1. Where are you from originally?
I’m orignally from Rhyl located on the north coast of Wales. I was born and raised in Wales and at the age of 18, I moved away to study in Manchester.
2. Where do you live now?
I’m now living in Tallinn, Estonia. I moved here on March 23rd 2004, 5 weeks before Estonia became a member of the EU and I still have the stamp in my passport for when I arrived (below) that I only get now when I fly out of Europe.
3. What first attracted you to your new home? Did you try anywhere else on the way?
While I was in Manchester, my parents moved to Berkhamsted, which is 30 minutes north of London, England. Once I had finished my studies, I moved down there rather than movng back to Wales. While job hunting I came across a very small advertisement in the job listings section of the newspaper that read „ESTONIA – £250 pw – Sales – Call XXXXXXX“. Oddily enough, the advertisement spoke to me more than the others and I told my mother „Mum, I’m going to apply for a job in Estonia!“. She said „Great! You’re young, single and have graduated, go for it!“. Briefly followed by „Where the hell is Estonia?“
Moving abroad to Estonia was not my first time leaving the UK as in 1998, I was fortunate enough to move to Melbourne, Australia with my family. We had planned to live there for at least 4 years so we packed up everything, I started schoool and was settling in nicely when we had to move back – After only 5 months. It was a great experience and I returned back to Wales to finish my schooling.
4. What kind of property do you live in now? Will you stay here? What’s your ideal place to live in within your new country?
I’m now renting an apartment in a newly built area near the harbour. It’s 52m sq. Is fully furnished and comes with a balcony. Rent is €400 per month plus utilities, which are approx €100 in summer and €180 in winter. During the 8 years I have been here, I’ve stayed at more than 5 different locations, from living 7km outside of Tallinn to right in the centre. I like my current apartment as it’s only 50 metres away from the nearest supermarket and only a 5 minute walk into the beautiful old town.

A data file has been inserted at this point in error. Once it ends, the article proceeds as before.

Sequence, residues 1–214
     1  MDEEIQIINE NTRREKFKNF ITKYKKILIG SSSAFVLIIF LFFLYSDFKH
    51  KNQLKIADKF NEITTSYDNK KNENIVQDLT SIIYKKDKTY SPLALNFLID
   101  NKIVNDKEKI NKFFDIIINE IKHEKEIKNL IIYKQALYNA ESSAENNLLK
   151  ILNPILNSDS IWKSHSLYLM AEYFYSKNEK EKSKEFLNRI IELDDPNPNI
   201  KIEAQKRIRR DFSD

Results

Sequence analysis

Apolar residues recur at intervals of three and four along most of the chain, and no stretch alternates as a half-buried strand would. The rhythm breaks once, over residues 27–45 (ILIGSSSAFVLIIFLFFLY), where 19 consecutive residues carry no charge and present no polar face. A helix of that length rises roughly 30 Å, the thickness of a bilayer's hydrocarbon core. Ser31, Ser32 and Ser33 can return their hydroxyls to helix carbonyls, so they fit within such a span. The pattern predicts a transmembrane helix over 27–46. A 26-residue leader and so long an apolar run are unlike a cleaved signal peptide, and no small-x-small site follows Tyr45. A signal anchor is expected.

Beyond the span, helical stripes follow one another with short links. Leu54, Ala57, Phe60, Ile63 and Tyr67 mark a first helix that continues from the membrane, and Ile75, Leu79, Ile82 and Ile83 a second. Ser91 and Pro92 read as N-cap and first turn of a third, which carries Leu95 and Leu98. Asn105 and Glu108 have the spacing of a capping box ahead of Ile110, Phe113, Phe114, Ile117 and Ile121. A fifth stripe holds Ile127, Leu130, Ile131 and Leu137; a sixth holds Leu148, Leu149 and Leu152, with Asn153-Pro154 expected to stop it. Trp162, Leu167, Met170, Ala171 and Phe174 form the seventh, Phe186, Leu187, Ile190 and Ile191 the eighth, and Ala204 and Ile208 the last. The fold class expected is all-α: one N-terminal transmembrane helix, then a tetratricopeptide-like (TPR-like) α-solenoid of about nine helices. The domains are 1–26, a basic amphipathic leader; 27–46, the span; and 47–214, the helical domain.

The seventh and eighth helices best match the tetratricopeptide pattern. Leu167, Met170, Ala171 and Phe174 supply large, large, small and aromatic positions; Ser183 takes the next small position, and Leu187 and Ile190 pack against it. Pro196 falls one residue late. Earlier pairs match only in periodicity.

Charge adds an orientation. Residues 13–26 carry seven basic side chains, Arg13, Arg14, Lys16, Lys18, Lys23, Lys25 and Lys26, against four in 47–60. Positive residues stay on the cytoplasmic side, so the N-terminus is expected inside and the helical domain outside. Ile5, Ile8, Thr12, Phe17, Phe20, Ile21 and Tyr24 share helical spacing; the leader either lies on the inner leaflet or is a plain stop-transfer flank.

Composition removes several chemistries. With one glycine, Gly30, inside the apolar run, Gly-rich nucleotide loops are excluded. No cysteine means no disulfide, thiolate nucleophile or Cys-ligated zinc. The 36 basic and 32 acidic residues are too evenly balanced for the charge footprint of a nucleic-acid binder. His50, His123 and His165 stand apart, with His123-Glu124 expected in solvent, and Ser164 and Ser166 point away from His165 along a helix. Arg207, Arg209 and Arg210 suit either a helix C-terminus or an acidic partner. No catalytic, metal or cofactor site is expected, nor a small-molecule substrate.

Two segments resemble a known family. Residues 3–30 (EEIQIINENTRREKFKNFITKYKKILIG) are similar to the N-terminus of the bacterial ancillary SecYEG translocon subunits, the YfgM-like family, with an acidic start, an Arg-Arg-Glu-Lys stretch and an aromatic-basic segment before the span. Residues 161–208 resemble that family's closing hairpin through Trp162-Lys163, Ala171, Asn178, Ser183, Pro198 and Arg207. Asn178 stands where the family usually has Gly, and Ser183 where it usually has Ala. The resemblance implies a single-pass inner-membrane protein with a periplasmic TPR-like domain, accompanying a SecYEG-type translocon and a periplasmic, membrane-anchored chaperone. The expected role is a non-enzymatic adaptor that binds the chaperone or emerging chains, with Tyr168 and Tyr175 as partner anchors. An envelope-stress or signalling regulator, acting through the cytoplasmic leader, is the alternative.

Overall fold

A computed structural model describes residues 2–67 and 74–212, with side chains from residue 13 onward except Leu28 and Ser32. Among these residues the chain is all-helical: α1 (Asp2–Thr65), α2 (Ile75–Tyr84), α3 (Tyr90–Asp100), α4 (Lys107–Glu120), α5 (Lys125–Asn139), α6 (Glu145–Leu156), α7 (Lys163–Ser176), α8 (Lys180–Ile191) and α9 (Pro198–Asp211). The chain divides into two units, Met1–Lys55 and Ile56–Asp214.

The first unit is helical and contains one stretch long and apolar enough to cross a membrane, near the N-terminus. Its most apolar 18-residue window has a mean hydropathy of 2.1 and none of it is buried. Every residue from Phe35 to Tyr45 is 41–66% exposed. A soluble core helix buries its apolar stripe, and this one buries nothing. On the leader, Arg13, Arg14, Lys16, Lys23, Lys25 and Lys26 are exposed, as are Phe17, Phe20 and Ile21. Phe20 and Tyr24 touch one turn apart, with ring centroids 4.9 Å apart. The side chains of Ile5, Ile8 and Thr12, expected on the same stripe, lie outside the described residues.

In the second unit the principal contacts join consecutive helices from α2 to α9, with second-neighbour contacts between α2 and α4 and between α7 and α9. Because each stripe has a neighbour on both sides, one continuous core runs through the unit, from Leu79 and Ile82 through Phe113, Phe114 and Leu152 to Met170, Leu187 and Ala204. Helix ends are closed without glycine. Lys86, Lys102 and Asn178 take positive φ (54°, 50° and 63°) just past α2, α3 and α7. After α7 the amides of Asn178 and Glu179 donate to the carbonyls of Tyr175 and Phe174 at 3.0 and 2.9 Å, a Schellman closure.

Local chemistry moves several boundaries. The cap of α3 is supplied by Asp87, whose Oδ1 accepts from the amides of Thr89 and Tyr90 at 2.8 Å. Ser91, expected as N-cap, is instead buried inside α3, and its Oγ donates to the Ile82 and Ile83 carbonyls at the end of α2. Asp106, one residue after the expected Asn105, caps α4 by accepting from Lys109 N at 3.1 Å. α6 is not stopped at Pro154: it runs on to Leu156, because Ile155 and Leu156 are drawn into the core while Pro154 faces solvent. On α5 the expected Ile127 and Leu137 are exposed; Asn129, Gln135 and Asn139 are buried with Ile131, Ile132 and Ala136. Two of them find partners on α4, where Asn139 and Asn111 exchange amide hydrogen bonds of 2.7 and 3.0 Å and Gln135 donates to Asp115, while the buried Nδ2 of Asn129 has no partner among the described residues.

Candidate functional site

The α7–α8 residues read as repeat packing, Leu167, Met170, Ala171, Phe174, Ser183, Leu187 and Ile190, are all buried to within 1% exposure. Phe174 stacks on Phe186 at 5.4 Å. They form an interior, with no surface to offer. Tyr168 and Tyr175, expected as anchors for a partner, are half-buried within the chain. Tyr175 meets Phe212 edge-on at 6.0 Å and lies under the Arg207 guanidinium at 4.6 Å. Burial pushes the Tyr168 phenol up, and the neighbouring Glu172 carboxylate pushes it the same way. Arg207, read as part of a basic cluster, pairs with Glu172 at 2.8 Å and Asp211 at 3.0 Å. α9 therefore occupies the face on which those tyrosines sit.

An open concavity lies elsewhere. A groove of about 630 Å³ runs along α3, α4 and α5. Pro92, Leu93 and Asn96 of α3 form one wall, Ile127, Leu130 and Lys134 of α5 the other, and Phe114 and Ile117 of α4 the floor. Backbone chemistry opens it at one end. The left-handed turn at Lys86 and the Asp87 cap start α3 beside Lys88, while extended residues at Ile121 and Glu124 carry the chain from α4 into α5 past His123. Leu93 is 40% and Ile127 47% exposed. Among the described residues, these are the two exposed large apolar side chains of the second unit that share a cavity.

5. Are you speaking a new language? If so, how did you learn?
I am not fluent in Estonian but have picked up enough to get by. Fortunately, the younger generation speak English very well and are keen to try their English more than I my Estonian. I have tried to take language courses twice but the Estonian, is quite difficult. I’m more a numbers guy, rather than languages guy! Estonian’s are very proud of their country and language so I recommend learning a few of the basics if you are to visit to score top points wth the locals.
6. What do you do for a living? Where do you physically work from? Do you work with clients/customers back in your home country or your new one?
I’m currently working with myGengo, a translation start-up based in Tokyo, Japan. I have been working with myGengo since November 2011 and found the role through LinkedIn. There was 3 phone interviews and in December 2011 I spent a week at their Japanese office. I’m responsible for online marketing so I am able to work from home. Before myGengo, I worked with NordicBet and Hurtigruten, both having offices located in Tallinn.
7. Do you work online? If so, what is the internet connectivity like? What software do you commonly use on day to day basis? What would be your top tip for online working from your new country?
Being an online marketer, I solely rely on Internet access. Estonia is one of the top countries in the world for Internet and Estonians are very web savvy – In fact, Estonia is often referred to as E-stonia as you can access the web from pretty much anywhere, and it’s FREE! Airport’s, Cafe’s, Shopping malls and even in the castle of Saremaa, you can get online.
Estonia is very biased towards Skype as it was first developed here. If you come to Estonia and don’t have a Skype account, create one before you visit. It’s free, you will be able to connect with locals and also call home without those high international call charges.